Elbow: June 2007

Tuesday, June 26, 2007

My Best Friend

Today when I was talking with my wife on the phone we established once again that we were best friends. It's been a long time since we've been able to truly feel this way about each other. So much resentment had built up between us that it was hard to remember what had brought us together in the first place. We know now that our friendship and love for each other can't be compromised.
I respect her so much.
I always knew how amazing she was, but I was fearful of her reaction if she knew that I didn't want to be married anymore because of my homosexuality. I underestimated her ability to accept and love me, and now through it all, she has made me feel so loved and so accepted. She's been a huge support and an amazing resource for me being able to find my happiness again. And she has found a new sense of self. She no longer has to feel less of a human being because her husband isn't attracted to her. She no longer has to cry at night because she feels unloved and inferior. She looks forward to a future with a man who loves her both emotionally and physically.
Her therapist gave her a copy of Carol Lynn Pearson's book No More Goodbyes and since my wife has finished reading it, she has started to realize that there is more to life than forcing ourselves into boxes. My wife now is able to fully understand what my feelings for men mean, and how to not personalize them, but to allow me to be...me. Her book is amaizng, and really inspiring. I couldn't have read it at a more important time in my life. I gave it to my mom to read and she expressed so much love for me after she read it. I'm so thankful for Sister Pearson and her testimony of love, because she has truly blessed my life and the lives of those around me.
I've felt so blessed to have my wife's friendship, but it's also been hard because when we talk about the future, we don't see ourselves married. She's looking for a place of her own, and I'm in the process of going back to school and looking for my own place as well. It's sad, but as my wife said to me on the phone tonight; "you have to live your life." And as much as I don't really have the answers for what that means, I know that I am now capable of living my life to its fullest.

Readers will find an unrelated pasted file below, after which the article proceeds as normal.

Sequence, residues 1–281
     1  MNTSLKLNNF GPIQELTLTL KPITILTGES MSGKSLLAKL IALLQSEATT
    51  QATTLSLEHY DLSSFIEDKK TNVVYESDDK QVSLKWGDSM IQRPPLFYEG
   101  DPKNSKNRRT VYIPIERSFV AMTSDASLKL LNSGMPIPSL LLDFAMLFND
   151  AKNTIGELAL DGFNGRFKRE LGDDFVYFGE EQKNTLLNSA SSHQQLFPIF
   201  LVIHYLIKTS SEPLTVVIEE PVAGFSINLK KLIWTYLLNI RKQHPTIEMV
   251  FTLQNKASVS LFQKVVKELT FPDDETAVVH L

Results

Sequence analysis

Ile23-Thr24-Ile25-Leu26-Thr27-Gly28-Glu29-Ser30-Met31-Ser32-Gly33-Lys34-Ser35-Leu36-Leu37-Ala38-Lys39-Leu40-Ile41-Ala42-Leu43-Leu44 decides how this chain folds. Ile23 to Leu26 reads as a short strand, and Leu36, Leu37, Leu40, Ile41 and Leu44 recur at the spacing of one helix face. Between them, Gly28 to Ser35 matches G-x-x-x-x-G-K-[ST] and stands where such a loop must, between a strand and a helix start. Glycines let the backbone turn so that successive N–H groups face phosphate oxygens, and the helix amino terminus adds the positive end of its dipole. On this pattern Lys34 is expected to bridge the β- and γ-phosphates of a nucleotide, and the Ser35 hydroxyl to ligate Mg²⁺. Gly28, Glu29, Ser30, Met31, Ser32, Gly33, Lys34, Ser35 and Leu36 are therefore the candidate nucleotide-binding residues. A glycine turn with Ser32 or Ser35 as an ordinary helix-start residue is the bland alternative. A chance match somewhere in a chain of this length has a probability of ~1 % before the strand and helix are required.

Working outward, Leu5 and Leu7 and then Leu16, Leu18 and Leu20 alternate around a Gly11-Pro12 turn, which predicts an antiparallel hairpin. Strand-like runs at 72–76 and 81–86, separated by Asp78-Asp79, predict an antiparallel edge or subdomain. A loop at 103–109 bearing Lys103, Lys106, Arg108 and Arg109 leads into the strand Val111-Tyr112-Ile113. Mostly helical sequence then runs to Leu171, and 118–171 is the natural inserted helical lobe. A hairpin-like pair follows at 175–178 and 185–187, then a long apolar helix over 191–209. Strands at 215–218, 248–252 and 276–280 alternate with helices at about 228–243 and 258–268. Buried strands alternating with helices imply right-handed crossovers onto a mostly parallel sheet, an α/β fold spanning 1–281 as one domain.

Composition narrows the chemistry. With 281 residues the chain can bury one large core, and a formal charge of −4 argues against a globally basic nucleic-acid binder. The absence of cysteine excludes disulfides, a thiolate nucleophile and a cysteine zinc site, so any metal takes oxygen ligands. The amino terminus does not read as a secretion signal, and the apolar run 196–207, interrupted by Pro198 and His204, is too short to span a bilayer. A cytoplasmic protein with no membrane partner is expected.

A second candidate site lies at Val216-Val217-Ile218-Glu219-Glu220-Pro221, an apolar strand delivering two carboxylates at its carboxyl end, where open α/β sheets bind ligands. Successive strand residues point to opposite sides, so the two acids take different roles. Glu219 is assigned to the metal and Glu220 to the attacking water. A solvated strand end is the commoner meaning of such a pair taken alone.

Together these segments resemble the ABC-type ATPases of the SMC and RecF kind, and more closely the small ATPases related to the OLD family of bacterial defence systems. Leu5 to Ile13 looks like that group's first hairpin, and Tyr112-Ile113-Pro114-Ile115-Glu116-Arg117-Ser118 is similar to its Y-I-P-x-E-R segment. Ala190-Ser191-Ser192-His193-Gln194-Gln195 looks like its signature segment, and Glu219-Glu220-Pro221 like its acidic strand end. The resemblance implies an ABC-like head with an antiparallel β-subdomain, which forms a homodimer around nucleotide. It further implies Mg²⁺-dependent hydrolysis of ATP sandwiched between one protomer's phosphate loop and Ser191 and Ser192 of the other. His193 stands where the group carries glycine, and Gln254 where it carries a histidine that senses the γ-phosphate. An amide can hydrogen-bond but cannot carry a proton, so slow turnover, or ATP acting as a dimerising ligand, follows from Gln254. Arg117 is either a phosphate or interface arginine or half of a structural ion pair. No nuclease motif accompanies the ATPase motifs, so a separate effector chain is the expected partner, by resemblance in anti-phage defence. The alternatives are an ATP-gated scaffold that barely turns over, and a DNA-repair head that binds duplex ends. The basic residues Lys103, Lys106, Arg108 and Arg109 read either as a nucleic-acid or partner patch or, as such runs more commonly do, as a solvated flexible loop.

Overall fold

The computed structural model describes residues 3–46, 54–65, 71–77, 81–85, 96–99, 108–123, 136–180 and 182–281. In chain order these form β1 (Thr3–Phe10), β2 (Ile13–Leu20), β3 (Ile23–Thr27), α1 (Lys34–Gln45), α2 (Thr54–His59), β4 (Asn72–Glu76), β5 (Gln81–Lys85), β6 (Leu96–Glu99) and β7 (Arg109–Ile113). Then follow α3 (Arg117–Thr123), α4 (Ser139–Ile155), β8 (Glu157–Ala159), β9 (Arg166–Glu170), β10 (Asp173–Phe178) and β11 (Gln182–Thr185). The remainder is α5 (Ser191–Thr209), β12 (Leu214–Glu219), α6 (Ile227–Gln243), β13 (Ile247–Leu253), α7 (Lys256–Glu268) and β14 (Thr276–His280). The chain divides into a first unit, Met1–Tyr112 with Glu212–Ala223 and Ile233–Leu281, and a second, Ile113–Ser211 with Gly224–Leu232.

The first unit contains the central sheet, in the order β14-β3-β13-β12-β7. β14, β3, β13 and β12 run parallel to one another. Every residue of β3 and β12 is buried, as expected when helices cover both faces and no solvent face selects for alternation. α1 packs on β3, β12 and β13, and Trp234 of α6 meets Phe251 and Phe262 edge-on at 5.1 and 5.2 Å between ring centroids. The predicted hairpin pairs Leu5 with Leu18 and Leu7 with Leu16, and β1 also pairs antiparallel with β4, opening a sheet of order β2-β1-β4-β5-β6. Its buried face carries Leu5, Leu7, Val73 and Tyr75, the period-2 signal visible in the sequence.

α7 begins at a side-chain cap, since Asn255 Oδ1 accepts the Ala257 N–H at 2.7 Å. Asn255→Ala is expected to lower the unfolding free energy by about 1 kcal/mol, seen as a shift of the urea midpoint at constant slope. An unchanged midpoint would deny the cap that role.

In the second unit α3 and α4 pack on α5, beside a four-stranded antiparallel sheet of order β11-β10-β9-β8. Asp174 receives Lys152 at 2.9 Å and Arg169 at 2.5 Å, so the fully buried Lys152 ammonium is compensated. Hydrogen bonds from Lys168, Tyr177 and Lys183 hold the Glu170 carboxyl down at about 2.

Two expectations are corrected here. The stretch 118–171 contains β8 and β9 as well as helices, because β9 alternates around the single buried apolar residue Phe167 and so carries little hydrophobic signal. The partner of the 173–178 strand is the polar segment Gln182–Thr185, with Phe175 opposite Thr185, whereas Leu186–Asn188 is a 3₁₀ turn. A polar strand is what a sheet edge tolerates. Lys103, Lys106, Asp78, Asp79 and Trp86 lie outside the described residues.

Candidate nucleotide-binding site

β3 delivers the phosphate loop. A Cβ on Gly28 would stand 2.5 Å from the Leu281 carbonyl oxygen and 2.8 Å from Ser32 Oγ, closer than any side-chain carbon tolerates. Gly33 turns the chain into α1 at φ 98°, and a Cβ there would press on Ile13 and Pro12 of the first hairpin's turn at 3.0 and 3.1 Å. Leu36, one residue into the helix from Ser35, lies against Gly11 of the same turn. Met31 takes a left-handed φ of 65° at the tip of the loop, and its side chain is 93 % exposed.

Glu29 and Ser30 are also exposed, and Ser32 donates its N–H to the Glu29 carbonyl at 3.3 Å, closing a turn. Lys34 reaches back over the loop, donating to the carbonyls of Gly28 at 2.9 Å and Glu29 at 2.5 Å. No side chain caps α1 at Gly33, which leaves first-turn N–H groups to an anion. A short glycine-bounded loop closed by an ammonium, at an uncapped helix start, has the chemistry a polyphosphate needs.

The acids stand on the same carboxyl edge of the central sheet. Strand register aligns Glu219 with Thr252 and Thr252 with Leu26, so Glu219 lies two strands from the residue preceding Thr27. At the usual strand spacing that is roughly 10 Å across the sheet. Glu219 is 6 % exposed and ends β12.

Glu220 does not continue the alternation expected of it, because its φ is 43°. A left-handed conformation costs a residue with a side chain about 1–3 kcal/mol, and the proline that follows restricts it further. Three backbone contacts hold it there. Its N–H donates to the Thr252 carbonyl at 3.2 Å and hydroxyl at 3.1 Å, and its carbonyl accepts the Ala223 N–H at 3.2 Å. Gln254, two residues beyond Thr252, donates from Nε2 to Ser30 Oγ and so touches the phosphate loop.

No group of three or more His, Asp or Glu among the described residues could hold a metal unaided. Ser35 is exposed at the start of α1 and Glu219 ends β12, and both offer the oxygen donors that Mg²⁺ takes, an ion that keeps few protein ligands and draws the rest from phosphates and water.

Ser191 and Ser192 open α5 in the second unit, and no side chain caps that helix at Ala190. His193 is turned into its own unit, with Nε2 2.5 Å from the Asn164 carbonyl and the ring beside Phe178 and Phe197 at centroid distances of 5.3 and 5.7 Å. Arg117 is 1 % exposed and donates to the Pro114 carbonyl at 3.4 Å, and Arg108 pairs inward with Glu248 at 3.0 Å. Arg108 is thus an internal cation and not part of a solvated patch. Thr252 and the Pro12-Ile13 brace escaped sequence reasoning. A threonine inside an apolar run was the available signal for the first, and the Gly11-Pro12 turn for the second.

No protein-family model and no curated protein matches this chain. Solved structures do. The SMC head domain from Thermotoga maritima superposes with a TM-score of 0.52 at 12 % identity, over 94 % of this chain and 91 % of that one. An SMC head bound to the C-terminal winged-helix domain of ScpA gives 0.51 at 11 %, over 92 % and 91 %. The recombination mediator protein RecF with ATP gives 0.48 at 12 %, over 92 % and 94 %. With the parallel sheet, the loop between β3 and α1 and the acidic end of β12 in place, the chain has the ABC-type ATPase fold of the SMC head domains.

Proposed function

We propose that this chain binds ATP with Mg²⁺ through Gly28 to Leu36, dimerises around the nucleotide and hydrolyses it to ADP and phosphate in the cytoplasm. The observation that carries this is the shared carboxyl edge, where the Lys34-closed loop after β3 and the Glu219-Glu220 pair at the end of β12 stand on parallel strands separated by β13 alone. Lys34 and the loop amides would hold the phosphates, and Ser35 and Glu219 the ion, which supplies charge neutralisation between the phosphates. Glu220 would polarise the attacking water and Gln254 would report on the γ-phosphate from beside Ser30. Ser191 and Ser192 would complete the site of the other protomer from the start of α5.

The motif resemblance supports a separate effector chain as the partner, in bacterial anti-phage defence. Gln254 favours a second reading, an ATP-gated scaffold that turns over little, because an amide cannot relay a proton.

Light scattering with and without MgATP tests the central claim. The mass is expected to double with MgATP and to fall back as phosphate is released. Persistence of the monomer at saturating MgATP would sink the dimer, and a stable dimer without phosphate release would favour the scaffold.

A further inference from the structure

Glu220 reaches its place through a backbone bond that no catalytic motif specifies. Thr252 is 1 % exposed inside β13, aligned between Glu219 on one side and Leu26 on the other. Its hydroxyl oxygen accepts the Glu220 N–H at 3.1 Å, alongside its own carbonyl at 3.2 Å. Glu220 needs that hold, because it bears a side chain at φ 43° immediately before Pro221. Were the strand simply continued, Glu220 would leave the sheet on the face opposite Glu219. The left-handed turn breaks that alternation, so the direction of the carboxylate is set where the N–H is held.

The Lord has blessed me tremendously. My family has been warm, my friends have been so giving and I have grown in ways that I don't even fully comprehend yet. I look back at the brick wall that I kept running into and couldn't climb and couldn't go around it. I just walked away. A gay man shouldn't be married to a woman, and I have a testimony of that now. It's not right for me, and while it may be right for others, I see myself being an advocate for those that were struggling through what I went through for the past couple of years.
And through it all, I have everything I've ever wanted, peace and love. And even though my wife will no longer be my wife, she will always remain my best and truest friend.

Sunday, June 24, 2007

Peace and Moving On

I'm in still in UT. I've decided not to go back to my parents house. I'm going to live at my sister's place in Utah Valley. I feel a lot better here, and yet I miss New York City and I'm really longing for California.

I actually just got back from a quick weekend stay in Los Angeles. I was helping out my buddy with his business there and I just got back tonight.